One:    This is our hope, the thing for which we wait:
In the beginning was the Word,
and the Word was with God, and the Word was God.
The Word was in the beginning with God.

All things came into being through him,
and without him not one thing came into being.
What has come into being in him was life,
and the life was the light of all people.

Many: The light shines in the darkness,
and the darkness does not overcome it.

One:    And the Word became flesh and lived among us,
and we have seen his glory, the glory as of a father’s only son, full of grace and truth.
For such a thing as this, we wait.

The gospel of John tells of darkness and light. Today I stood in the memorial garden with a cup of coffee, steam rolling off it in the chill, as the sun set below the tree line, wondering about darkness and light. It is easy to forget about the rhythms of the earth; so easy to turn on the light overhead.

While the poetry of dark nights is not true for those our friends in Australia, for us, here in Illinois, the earth groans along with us for the light to shine in the darkness. The flowers have tucked their petals away for the winter, and the trees have dropped their leaves. Only the pine trees remember the fullness of the sun, and the heat of summer. And so, we give them places of honor in our sanctuary, reminding us of the light for which we long on these dark days.

Advent, this time of waiting, is the darkness that makes the light of Christmas that much brighter. In the same way that artists Caravaggio and Rembrandt create tension between light and shadow in order to draw out form and figure, the tension between waiting for Christ and arriving at the manger with him allows us to draw near to God, to prepare for the mystery of Christmas.[1] Advent is the darkness to Christmas’ light, just as fire is the heat to ice’s cold, or sweet is the sugar to sour’s tang. Fire-and-Ice, Sweet-and-Sour, Darkness-and-Light… it is here in the holy tension that we dwell.

Classically trained singers call it chiaroscuro or a bright-dark tone, every sung note offering a bright light at the edge as well as a round dark quality in the middle; this bright-dark tone having a complex texture of vocal resonances. These are chiaroscuro days—light/dark days—from the Italian chiaro meaning light and scuro meaning dark.[2] These are Chiaroscuro light/dark days when our homespun Quiet Christmas service is punctuated by light and dark; happening just on the cusp of the longest night.

The winter solstice happens next Monday night into Tuesday; as dawn unfolds on Tuesday morning, the sun will rise just a little earlier than it did the day before, offering us a return of light in these dark days. In these light/dark days, we put up Christmas lights to ward off the dark side of darkness, and pour cups of hot tea or light candles or throw dazzling evening parties to chase off the long nights together.

When I was in High School, I went on a summer caving trip—spelunking as they say—and crawled deep inside the earth in caves across Indiana and Kentucky, down into Tennessee and Georgia. I loved the smell of the clay, Indiana limestone carved away by water that flowed through those caverns for centuries, or probably longer, and the quiet persistent drip of water drawing stalactites down from the ceiling. A few boy scouts from youth group were talking about their own upcoming spelunking and it reminded me of all that: the earthy aroma, the drama of adventure, and most of all, the darkness.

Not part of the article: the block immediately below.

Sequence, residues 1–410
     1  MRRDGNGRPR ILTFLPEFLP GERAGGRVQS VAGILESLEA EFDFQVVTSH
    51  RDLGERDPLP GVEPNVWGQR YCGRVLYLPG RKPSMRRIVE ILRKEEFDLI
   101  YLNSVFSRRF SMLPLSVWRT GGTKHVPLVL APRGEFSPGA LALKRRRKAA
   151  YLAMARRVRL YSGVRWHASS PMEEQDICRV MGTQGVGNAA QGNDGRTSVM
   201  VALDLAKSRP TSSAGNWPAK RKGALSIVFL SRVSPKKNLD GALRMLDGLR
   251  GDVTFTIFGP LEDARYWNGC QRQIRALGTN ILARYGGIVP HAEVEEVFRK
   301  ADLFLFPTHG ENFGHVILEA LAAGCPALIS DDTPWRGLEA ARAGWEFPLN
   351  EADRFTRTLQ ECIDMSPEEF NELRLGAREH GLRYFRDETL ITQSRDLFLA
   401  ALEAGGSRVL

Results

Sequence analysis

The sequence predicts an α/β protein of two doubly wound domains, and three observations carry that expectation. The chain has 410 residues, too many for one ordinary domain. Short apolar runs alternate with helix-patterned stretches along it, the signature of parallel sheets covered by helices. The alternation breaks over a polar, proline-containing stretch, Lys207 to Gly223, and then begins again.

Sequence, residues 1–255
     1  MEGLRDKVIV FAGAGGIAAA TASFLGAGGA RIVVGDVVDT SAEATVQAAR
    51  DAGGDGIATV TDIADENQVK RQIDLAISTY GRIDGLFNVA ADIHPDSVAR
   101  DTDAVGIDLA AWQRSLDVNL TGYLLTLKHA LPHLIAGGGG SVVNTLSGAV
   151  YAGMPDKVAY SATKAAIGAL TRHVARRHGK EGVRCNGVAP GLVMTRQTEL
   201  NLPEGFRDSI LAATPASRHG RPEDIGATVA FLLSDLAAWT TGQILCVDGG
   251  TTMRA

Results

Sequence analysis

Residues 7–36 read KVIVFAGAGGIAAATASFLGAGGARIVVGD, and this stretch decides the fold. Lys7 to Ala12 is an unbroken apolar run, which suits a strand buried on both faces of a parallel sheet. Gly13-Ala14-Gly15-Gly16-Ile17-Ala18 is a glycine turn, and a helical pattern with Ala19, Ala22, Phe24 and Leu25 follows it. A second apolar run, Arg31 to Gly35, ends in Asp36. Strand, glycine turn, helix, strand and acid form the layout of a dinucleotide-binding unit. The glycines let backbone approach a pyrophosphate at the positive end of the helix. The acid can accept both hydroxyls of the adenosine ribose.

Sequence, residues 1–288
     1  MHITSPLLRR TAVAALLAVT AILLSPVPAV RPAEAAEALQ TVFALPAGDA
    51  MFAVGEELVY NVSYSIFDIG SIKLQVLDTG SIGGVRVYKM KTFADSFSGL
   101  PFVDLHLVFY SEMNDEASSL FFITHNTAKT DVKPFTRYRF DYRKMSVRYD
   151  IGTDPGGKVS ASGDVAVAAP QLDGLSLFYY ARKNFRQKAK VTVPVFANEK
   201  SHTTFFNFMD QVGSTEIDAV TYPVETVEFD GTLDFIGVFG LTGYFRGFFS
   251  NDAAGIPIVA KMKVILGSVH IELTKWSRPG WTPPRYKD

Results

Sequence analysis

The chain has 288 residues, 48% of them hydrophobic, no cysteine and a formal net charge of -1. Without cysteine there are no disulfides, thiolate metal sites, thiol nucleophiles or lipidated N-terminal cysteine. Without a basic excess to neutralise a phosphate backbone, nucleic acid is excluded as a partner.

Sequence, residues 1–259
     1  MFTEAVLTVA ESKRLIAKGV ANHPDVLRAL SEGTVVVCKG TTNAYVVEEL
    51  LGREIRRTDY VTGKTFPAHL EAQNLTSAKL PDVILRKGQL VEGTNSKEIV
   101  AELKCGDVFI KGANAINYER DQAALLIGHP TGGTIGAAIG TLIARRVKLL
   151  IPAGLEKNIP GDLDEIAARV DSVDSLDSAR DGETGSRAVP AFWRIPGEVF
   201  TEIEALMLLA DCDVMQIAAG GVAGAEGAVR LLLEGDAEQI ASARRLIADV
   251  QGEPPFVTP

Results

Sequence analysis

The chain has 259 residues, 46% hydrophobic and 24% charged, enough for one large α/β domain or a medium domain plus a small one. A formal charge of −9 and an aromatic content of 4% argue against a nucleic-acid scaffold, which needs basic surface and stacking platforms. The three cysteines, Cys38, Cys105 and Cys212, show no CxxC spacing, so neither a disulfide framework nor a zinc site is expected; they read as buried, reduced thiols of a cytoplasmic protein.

In those days, there was something comforting about the darkness of a cave, the absence of light being such a novelty in our neon bright-lights and never-sleeping world. There was something awe-inducing about turning out the lights in a cave, and everyone straining to see-but-not-see their own hand right in front of their face. No matter how long you wait for your eyes to adjust, deep in a cave, there is no light to get adjusted to, just dazzling darkness and the sound of your heartbeat.

These days, I know that darkness has a more nuanced power: one person who was held in a dark room against his will said “How do I explain to a person that just sitting in an empty, dark room hurts? Someone asks you, well, why does it hurt? Does your body hurt? “Yes,” he said “your body hurts. But it’s more than that. It’s like this mental—like you’re almost confused. There were times when I’d wake up and it was just so dark; like I would wake up not even remembering what I was.”[3]

We gather here, maybe, because we have known darkness that hurts, true darkness, metaphorical dark days of the soul, long nights when we can hardly await the joy that God promises will come in the morning. Even for those of us who have not been held captive in the darkness have been captivated by it; in her book Learning to Walk in the Dark Barbara Brown Taylor said of the darkness: The dangerousness of the dark is like the power of gravity; no one can say exactly how it works, but everyone agrees on it.”[4]

These are the days for learning to walk in the dark, indeed. This morning, first light was at 6:42 a.m., and my cup of coffee with the sunset was hours ago. Yet, darkness is not always what we might think: within days after going blind, one man said, “I had completely lost the sight of my eyes; I could not see the light of the world anymore. Yet, the light was still there. Its source was not obliterated. I felt the light gushing forth,” he said, “gushing forth every moment and brimming over; I felt how the light wanted to spread out over the world. I had only to receive it. It was unavoidable there. The source of the light,” he said, “is not in the outer world; the light dwells where life also dwells; within ourselves.”[5]